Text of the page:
On World Population Day, a panel of experts expressed concern and spoke on âAddressing the Needs of Women and Girls for Sexual and Reproductive Health and Family Planning Services During COVID-19 and Beyondâ. The panel’s experts discussed a range of population-related issues, including family planning, gender equality, maternal health and the transformation of social norms, organized by the Population Foundation of India.
highlighted the progress India has made in meeting the targets set in national policies and global commitments on population and family planning. India’s population is stabilizing with the total fertility rate (TFR) falling to 2.2, which is almost within reach of the TFR target of 2.1 as envisaged in the Indian government’s 2000 population policy. The National Family Health Survey, NFHS-5 (Phase-I, 2019-20) reported an increase in the use of modern contraceptives in all 17 states studied, while the unmet need for family planning decreased in most states.
Regarding the use of digital technology, Dr. SK Sikdar, Maternal Health and Family Planning Advisor, MoHFW that the Government of India is prioritizing family planning during the COVID-19 emergency and through the use of digital technology.
He also reiterated the need for attention to increase male engagement “to achieve gender and health goals we need to focus on men and boys and promote open and inclusive dialogue on sexual and reproductive health”.
In the opening speech, Dr. Kiran Mazumdar Shaw, Founder and Chief Executive Officer of Biocon Ltd: “COVID-19 has exposed health and gender inequalities and inequalities in India.” She mentioned the need for digital technologies to provide young people with information about sexual and reproductive health and skills of health workers to provide evidence-based health care.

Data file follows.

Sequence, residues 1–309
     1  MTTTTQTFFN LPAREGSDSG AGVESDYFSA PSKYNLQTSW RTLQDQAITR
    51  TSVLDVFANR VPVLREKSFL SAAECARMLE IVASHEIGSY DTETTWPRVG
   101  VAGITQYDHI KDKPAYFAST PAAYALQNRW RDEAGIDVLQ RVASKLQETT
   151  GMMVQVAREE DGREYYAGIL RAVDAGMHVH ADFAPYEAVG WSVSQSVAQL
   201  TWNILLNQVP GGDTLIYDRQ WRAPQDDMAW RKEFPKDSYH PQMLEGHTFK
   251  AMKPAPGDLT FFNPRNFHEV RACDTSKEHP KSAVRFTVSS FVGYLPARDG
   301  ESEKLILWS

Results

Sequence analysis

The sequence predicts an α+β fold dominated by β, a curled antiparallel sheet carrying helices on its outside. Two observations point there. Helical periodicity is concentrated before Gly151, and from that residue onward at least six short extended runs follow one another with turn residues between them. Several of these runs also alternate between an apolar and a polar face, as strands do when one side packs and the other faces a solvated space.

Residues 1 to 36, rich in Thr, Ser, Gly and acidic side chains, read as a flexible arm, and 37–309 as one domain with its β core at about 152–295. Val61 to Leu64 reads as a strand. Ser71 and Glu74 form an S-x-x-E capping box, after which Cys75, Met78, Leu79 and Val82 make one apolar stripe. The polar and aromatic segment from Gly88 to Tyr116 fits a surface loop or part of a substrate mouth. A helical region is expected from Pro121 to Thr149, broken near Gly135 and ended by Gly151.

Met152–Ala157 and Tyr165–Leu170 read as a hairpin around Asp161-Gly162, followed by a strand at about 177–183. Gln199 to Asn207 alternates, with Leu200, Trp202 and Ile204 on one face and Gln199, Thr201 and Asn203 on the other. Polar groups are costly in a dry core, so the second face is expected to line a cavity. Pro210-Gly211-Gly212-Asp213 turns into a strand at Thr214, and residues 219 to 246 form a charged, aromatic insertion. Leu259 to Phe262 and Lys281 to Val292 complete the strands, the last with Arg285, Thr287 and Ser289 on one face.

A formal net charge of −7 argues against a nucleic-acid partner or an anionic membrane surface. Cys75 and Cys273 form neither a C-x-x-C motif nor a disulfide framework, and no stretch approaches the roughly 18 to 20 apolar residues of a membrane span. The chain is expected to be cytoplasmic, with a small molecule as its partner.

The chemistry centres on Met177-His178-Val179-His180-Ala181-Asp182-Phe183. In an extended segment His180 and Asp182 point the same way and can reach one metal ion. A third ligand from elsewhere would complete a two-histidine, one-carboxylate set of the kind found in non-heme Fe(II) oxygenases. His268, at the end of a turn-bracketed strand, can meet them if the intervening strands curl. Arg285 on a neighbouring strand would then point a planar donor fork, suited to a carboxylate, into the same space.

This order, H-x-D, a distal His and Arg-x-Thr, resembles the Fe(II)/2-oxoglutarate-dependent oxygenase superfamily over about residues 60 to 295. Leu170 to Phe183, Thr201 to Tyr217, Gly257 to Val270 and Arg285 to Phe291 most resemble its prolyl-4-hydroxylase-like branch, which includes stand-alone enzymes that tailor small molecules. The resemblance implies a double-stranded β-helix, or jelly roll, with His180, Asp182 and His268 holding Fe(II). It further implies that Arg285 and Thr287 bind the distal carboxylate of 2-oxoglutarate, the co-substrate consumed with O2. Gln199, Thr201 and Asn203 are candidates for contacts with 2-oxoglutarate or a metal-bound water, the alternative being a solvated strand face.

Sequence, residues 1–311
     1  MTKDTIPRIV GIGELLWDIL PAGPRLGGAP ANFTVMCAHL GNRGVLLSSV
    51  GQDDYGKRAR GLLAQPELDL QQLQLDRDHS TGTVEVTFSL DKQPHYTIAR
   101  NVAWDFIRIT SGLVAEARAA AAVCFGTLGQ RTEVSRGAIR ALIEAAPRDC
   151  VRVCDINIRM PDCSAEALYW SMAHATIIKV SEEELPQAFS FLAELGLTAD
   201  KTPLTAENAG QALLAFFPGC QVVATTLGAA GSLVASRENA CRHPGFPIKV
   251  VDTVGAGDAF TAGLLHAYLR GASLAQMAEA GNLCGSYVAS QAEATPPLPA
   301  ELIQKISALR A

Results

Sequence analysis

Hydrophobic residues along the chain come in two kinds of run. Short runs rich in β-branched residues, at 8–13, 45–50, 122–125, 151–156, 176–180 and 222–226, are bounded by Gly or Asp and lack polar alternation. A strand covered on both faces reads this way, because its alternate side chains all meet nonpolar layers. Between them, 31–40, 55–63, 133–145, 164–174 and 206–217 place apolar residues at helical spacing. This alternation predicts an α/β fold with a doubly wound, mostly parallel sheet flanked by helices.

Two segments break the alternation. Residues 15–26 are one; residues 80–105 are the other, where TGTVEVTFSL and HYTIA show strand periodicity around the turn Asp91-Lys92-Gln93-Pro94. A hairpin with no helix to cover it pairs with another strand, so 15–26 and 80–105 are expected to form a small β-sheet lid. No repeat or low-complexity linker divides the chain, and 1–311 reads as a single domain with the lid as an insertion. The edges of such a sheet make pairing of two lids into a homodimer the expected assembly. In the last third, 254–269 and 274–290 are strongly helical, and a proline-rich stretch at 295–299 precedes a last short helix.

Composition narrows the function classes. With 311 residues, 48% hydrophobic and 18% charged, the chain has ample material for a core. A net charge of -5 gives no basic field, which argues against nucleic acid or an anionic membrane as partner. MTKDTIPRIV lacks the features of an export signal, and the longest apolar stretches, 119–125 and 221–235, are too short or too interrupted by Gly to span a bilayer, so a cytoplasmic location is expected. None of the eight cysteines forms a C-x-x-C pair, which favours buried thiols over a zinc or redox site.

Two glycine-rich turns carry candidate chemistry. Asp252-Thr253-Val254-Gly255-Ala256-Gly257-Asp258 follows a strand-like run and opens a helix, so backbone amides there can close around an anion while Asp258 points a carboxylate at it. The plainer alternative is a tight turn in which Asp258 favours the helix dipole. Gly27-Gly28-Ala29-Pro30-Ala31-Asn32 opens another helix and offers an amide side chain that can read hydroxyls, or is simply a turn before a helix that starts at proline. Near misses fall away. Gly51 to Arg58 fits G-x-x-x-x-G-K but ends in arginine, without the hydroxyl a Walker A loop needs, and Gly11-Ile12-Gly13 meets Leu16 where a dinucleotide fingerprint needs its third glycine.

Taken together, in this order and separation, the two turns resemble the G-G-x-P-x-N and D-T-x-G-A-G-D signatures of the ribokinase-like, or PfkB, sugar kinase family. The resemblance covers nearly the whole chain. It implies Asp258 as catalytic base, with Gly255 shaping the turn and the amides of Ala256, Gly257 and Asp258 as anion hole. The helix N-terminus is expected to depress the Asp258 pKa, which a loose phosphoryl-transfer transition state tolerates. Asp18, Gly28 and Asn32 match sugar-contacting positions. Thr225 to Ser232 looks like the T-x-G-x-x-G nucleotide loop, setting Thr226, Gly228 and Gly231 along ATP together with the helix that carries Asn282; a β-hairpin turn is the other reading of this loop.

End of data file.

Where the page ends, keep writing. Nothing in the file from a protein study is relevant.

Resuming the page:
“Investing in primary health care can play an essential role in improving women’s, maternal and infant health for survival and a sustainable future,” she added.
Turning to family planning, Martyn Smith, Interim Executive Director and Managing Director, FP2030 said, âCOVID-19 gives us the opportunity to be more focused on equity issues. When we understand the fragility of our health system, we can better develop our ability to react realistically. “
Emphasizing the need to continue to innovate and use technology to improve health services and challenge social norms, Archna Vyas, associate director, program advocate, communication and behavioral insights for the Bill & Melinda Gates Foundation (BMGF) stated that Technology can be a critical tool in improving access to health services for vulnerable populations.
Argentina Matavel, Resident Representative India and Country Director, Bhutan, UNFPA, praised the innovations introduced by several state governments over the past year, saying, âThis is the time to innovate and use digital technology to serve the underserved. This is the time to accelerate, to bring services closer to home. “
Mentioning the importance of upholding women’s rights and choices, Matavel added, âWomen will respond sensibly to whatever awaits them if you give priority to rights and choices, including the availability of a wide range of contraceptive methods and information , women will respond to reason. “
Poonam Muttreja, Executive Director of the Population Foundation of India, moderated the panel: âTo take full advantage of our benefits, we must protect the health, rights and well-being of women and young people. Population coercive measures that limit the number of children couples can have misconceive that India has almost reached the total fertility rate of replacement levels. This means that now is the time to protect, equip and empower our people to ensure that no individual is left behind as we evolve into a nation with a dynamic, young and productive population. “